Council changes comes
It was changing of the guard time at the Baldwin City Council meeting Monday night. Well, sort of, anyway.
Recently elected Mayor Gary Walbridge and Council Member Doyle Jardon took their spots on the council, replacing Ken Hayes and Ken Wagner. But, the other two council members who were sworn into office by City Clerk Peggy Nichols were returning Council Members Tony Brown and Amy Cleavinger. They rejoined fellow Council Members Ted Brecheisen Jr. and Nancy Brown.
The swearing in ceremony occurred after the old council took care of one old business item. Then it was time for the change. Hayes presented Walbridge with a new gavel, a tradition that was started when Hayes took over four years ago. Hayes and Wagner were presented with plaques for their service and after shaking hands good-bye, the pair left.
"You guys did a good job," Walbridge said as they left the council meeting at the American Legion. "We're proud of you. Enjoy it."
"You bet we will," Wagner said.
The new council then went into new business. First up was electing a council president to serve in place of the mayor when he's not at meetings. Jardon nominated Brecheisen. After a silent pause, T. Brown nominated Cleavinger. It was decided to use a secret ballot to determine the winner. Cleavinger won by a 3-1-1 vote. T. Brown got a vote, too.
"It certainly is an honor to have my fellow council members select me for this position," said Cleavinger. "I had the privilege of serving with former council president Wagner, so hopefully I took advantage of that opportunity and learned a thing or two from Ken."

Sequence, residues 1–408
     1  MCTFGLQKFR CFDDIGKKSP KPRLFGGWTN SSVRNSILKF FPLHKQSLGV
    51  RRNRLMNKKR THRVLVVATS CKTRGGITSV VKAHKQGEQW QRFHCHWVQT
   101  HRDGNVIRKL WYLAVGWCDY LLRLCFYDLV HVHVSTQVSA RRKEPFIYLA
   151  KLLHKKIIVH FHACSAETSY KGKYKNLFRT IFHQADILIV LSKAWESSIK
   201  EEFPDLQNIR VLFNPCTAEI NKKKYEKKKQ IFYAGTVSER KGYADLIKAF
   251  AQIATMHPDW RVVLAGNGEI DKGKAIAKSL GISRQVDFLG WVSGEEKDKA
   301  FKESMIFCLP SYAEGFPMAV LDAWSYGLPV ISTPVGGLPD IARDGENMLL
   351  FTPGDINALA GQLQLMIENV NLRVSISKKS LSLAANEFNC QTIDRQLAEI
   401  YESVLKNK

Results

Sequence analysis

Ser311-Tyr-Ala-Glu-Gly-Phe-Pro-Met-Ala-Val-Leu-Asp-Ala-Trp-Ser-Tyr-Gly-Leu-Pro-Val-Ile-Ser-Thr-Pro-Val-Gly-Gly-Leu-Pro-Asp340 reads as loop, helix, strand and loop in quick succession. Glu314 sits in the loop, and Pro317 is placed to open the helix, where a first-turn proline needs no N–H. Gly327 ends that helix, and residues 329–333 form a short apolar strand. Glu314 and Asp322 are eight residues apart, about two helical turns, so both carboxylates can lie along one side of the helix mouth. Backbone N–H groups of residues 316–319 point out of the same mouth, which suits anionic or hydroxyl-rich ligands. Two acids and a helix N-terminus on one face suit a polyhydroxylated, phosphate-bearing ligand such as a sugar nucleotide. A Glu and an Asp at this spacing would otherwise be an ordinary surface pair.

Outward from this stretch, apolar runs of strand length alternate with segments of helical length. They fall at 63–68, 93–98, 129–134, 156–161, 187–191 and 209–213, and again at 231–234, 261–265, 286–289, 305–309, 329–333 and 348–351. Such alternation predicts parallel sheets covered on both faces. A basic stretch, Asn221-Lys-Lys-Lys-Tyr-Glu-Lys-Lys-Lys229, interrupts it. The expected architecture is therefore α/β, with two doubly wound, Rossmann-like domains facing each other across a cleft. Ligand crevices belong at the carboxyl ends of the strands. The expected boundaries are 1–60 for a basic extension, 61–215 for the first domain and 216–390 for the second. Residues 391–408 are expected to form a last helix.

The council then approved numerous appointments to offices and committees while heading into a full slate of business. That included a plea from Donna Neidler from Friends of Baldwin City for that group's annual Fourth of July celebration.
"We've had the fireworks for the last four years," Neidler said. "We call it an Independence Day celebration because it's more than fireworks. We usually spend between $3,500 and $4,000. There are a handful, literally, of about 20 people who raise money for it every year. The city has donated every year."
After a small discussion, the council approved giving $500 to the group, up from the $300 donated a year ago.
The council also heard first readings on a pair of changes to fees charged by the city. The first changes the charge developers pay per lot in a subdivision for installing electrical infrastructure. In the past, there was a $900 fee, with $230 of that refunded once a resident owned the house. Also, there was a $350 charge for installing secondary service to the home. Under the proposed change, the fee to developers would be upped to $1,100, with no refund, and a $500 fee for secondary service. Chief reason for the change, according to Utility Director Terry McKinney, was increased costs in materials for installations.
The other change in charges involves the use of sewer rate averaging for new residents and makes the practice optional. In the past, new residents were charged the average sewer rate for the first 15 months until an average was established for their actual use. That was to allow new residents watering to establish a yard or garden or filling a pool not to be charged on the basis of water usage that doesn't impact the sewer system.
City Administrator Jeff Dingman explained to the council while that system is fair for most new residents with families, especially those using water in those ways, it wasn't fair to single newcomers who are renting an apartment.
The council also approved the purchase of an asphalt cold planer for repair or overlay from Heritage Tractor for $11,755.
The next regular city council meeting will be at 7:30 p.m., May 16, in the American Legion Hall.